Ages before modern tourists flocked to Greece to enjoy its sun, sea, antiquities, and adventure, people of the Roman Empire descended on Greece for the same reasons. Antony and Cleopatra headed for a romantic island tryst on Samos; the emperor Tiberius preferred Rhodes. Some Romans attended the famous philosophy schools and drenched themselves in Greek history; others came for the Olympic Games; still others were attracted by the sensational—a chance to gawk at the egg hatched by Leda after her affair with Zeus in the guise of a swan, to dip a toe in the spring where Helen had bathed, or to gasp as professional divers jumped off the notorious “Lover’s Leap” of Leucadia, a two-hundred-foot promontory where Sappho was said to have ended her life. And they all lugged home souvenirs: terra-cotta statuettes, trinkets, pots of Hymettian honey, silk scarves from Cos, gnarled walking sticks from Sparta, copies of racy Milesian love stories, and entire temple columns and thousands of statues.
Greek hospitality was renowned long before the Roman sightseers arrived. People who traveled often had “guest-friends” in Greek cities, and as early as the fifth century BC innkeepers let rooms in towns and along roads. Famous temples and sanctuaries provided public accommodations run by the host city or by other cities for their own citizens visiting the shrine. The fourth-century politician Demosthenes mentioned a hotel popular with ambassadors near the Temple of the Twins in Pherae on the northern coast of Greece, and the remains of an ancient hostel for visitors to Athens was found in Plateia in modern times.
Herodotus was one of the first ancient writers to travel purely for curiosity and pleasure in the fifth century BC. His books related the many strange customs and marvels he saw and heard about on his tours (see chapters 1 and 21). By the fourth century BC, foreign travel was becoming more common, as diplomats, messengers, mercenaries, tradespeople, merchants, poets, philosophers, musicians, artists, actors, and athletes all traveled for business, education, or pleasure. Ordinary and rich folk alike made journeys to attend festivals and religious celebrations.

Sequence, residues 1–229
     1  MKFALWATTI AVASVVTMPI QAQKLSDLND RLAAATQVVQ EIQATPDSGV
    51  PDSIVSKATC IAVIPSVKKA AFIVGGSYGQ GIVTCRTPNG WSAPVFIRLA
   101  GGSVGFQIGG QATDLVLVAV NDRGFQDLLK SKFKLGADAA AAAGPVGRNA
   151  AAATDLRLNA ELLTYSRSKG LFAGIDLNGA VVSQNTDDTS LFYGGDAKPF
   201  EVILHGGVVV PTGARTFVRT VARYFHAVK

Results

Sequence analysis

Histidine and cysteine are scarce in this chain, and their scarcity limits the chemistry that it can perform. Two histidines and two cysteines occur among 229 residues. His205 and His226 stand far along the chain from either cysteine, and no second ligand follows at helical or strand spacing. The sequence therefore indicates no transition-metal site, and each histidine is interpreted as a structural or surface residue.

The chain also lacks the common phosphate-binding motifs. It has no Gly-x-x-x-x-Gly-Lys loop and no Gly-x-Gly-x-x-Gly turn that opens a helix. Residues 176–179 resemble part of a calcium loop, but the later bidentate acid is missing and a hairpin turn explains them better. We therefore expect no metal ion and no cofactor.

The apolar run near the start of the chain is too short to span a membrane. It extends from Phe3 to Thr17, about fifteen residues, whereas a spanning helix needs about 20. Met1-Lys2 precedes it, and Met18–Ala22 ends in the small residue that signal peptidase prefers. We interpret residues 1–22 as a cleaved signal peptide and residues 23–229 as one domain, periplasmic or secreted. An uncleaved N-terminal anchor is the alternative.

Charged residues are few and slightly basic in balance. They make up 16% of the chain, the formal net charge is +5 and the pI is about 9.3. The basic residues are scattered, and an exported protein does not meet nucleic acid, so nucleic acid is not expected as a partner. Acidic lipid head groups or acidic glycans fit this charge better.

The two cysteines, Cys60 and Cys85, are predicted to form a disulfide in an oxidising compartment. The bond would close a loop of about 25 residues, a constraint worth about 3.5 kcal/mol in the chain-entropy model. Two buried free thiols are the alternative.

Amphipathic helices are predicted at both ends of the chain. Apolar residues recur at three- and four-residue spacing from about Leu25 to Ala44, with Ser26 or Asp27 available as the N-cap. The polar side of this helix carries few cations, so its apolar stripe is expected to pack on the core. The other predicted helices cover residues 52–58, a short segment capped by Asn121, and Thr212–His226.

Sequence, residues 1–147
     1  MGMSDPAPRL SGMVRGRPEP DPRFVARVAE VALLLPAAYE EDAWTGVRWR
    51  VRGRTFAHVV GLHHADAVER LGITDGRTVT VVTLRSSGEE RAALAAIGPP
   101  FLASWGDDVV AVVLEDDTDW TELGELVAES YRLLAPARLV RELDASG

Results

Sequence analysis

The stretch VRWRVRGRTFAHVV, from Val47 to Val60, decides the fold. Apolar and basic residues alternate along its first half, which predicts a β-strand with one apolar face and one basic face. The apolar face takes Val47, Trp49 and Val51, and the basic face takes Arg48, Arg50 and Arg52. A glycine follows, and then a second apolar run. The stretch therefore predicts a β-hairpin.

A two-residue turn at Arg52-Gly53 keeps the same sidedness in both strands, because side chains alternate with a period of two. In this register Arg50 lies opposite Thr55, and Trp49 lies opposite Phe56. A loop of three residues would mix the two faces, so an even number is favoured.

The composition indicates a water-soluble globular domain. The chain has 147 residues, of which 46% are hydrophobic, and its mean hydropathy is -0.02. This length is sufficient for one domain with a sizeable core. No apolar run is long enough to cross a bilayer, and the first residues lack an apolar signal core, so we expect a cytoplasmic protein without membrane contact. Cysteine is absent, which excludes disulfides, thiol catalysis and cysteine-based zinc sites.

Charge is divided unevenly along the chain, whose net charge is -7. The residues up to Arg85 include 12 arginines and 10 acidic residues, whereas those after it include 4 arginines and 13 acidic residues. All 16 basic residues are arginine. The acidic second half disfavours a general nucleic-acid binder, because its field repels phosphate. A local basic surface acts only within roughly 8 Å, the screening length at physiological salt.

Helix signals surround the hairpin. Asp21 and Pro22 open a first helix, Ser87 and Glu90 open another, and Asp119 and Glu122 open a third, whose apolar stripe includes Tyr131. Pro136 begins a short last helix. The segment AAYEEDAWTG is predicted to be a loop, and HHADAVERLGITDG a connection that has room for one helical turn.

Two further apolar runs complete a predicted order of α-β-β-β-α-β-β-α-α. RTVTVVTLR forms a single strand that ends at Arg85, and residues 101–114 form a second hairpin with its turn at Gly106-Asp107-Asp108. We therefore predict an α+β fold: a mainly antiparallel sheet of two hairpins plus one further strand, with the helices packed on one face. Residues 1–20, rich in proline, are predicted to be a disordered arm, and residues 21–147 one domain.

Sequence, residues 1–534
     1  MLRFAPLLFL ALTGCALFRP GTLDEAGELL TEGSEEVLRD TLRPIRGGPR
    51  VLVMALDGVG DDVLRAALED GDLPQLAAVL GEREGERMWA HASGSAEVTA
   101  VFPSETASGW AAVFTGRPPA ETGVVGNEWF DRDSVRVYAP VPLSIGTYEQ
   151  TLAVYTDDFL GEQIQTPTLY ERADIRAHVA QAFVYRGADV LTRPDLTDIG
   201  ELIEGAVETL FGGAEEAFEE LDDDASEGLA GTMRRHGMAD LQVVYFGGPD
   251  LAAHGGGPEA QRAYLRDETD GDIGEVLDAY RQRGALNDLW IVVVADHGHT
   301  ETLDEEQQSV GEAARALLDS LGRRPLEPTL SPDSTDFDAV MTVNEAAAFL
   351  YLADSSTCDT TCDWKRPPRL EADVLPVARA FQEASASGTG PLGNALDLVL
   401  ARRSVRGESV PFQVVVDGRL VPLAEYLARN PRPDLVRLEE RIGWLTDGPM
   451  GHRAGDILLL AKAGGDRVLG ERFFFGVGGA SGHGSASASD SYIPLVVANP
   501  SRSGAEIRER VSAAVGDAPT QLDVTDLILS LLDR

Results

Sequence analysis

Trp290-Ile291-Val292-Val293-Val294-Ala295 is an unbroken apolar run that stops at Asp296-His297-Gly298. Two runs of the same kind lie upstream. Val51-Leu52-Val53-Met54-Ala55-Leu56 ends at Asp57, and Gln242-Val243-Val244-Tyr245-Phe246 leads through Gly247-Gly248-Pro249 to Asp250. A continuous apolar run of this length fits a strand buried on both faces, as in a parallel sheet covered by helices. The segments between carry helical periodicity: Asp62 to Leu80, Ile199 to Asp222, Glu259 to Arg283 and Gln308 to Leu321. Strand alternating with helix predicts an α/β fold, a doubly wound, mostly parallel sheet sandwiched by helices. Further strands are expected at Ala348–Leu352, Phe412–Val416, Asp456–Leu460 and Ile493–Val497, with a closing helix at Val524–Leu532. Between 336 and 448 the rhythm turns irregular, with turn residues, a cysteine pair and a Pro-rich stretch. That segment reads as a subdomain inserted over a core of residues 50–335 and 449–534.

In the fifth century BC Sparta allowed visitors only short, rigidly supervised tours of its sights and restricted the travel of its own citizens. By Roman times, however, Sparta had become a sort of “theme park,” a must-see on every tourist’s list, where Old Sparta’s myths, legendary austerity, and harsh discipline were glorified. Gullible tourists could view Leda’s Egg (out of which Helen of Troy hatched; sophisticated travelers dismissed the large beribboned egg as that of an ostrich). Those familiar with the verses of the popular Roman poet Ovid probably hoped to see beautiful Spartan women wrestling in the nude, but they had to settle for statues of clothed female runners or women warriors brandishing swords. Tourists could watch endurance contests in which stoic Spartan teenagers were flogged, in the theater built by Roman entrepreneurs to accommodate hundreds of spectators. Or they could witness puppy sacrifices, exciting boar hunts, and brutal mock battles; visit the cave where criminals were confined, the altar where human sacrifices took place, and the notorious gorge where weak children were left to die. They could admire “vicious Laconian hounds” paraded on leashes; and wander through the impressive “victory” colonnade displaying Persian spoils and columns in the forms of chained captives.